Vocabulary and Transnational Legal Practice

lawwordcloudOver the last few years, a list of key vocabulary–with definitions–has been developed for the Transnational Legal Practice course that all of our LLM students in the TLP Program take. These are key words, terms, and phrases that all LLM students in the program need to become comfortable with, and it is a work in progress as my colleague Professor Katy Piper continues to add words to the list as appropriate each semester.

The list has over 50 items and includes basic legal terms such as “torts” and “judicial review” as well as specifically transnational legal practice terms such as “letter of credit” and “INCOTERMS”.

A great resource for my ALDA students preparing for the TLP Program! But what to do with it? Just tell them to go home and memorize and then have a test on it?

Research has shown that,with regard to learning new vocabulary, working with long lists is not necessarily effective as there tends to be information overload which interferes with remembering meaning. Additionally, research shows that vocabulary is retained better when it is discussed out loud as opposed to read. Thirdly, vocabulary learning benefits greatly from multiple exposures to the word. And fourthly, truly knowing a word involves knowing a number of things about the word, including the context in which the word exists and functions.

VocabularyMatchWith those ideas in mind I employed two very simple activities.

Activity #1: Vocabulary Matching

I put the students in small groups and gave them a pile of terms and a pile of definitions, and they had to try and match them together. This forced them to collaborate, discuss, and negotiate about the words and definitions. It allowed them to reinforce any words and phrases they already knew, to try and deduce the ones they were less sure of, and to try and guess at any that were completely unfamiliar. In each instance, however, they had to fully engage in reading the definitions and analyze the terms (as opposed to skimming a long vocabulary list). At the end of the set time limit, the groups were assigned to review the work of another group to see if there were any differences. Then, each student received a full list of terms and definitions so they could check their answers and begin to confirm and process correct answers.

To help reinforce the vocabulary, two days later I had the students do the exact same activity to see how much they could remember and match. It proved to be just as engaging and challenging as the first time. If anything, the students were more motivated, strategic, and organized in their approach.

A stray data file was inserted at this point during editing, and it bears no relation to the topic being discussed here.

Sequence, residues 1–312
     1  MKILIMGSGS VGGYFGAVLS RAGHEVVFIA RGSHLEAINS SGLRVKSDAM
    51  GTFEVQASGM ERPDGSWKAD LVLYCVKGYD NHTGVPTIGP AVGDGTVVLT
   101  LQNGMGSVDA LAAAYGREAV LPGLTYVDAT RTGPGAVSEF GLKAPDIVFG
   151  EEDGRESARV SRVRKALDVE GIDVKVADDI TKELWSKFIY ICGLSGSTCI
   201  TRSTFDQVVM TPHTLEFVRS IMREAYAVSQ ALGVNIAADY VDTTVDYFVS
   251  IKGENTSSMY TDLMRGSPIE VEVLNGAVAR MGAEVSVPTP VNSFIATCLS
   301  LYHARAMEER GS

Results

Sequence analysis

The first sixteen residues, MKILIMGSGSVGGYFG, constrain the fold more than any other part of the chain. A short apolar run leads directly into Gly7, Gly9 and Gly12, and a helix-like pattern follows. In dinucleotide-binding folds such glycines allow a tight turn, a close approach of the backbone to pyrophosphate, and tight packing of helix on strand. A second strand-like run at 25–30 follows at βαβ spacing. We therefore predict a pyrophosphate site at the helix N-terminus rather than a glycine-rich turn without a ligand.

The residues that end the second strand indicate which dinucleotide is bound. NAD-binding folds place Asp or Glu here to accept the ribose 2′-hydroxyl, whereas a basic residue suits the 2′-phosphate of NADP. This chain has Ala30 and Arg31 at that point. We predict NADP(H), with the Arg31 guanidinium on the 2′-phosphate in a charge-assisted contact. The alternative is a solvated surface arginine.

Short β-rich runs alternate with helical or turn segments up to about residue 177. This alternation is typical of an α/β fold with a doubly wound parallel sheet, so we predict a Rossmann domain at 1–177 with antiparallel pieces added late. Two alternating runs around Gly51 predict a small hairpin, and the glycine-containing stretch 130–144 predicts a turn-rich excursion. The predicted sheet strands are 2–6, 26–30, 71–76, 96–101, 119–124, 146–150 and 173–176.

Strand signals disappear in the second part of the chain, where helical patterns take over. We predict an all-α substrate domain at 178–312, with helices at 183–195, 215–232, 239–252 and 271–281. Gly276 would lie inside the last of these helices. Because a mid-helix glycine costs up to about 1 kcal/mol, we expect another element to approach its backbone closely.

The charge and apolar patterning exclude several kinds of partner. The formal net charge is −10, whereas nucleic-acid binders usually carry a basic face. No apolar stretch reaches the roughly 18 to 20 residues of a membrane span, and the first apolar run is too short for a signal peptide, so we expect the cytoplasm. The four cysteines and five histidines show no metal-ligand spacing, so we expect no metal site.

An added twist: The second time, I asked the students to first organize the vocabulary terms into alphabetic order. For students who come from cultures with non-Roman alphabets, it’s an opportunity to build fluency with regard to alphabetization.

Activity #2: Vocabulary Categorization

In a subsequent class, I gave the students cut-outs of each term with the definition included. And I asked them to organize the words into 3 to 6 categories. It was up to them to determine the category titles. In addition to providing additional exposures to the vocabulary, this forced the students to think about the relation of words to each other and helped build associations that would aid in vocabulary retention. Additionally, it required them to think about general versus specific categories, a skill that is required in legal writing as well.

After each group had finished, they then had the opportunity to review the work of the other groups to get a sense of different ways of categorizing the terms and discuss and debate any differences of opinion on the matter.

In the next class, I gave them the terms plus definitions again, but this time I gave them an additional pile of categories such as “Constitutional Law”, “Business Organizations,” “Commercial Law,” etc., and the students had to match the definitions to the existing categories as best they could.

These activities, of course, are not the end of the vocabulary learning but just the beginning. Additionally, a term such as “letter of credit” is laden with background knowledge that is not done justice in a simple definition. But they provide a foundation and an initial exposure to the terms in an engaging way that aids with retention and lays the groundwork for future exposures in their reading and other activities. And when they are sitting in the TLP course in a future semester, at the very least they will not be surprised by any of these terms.

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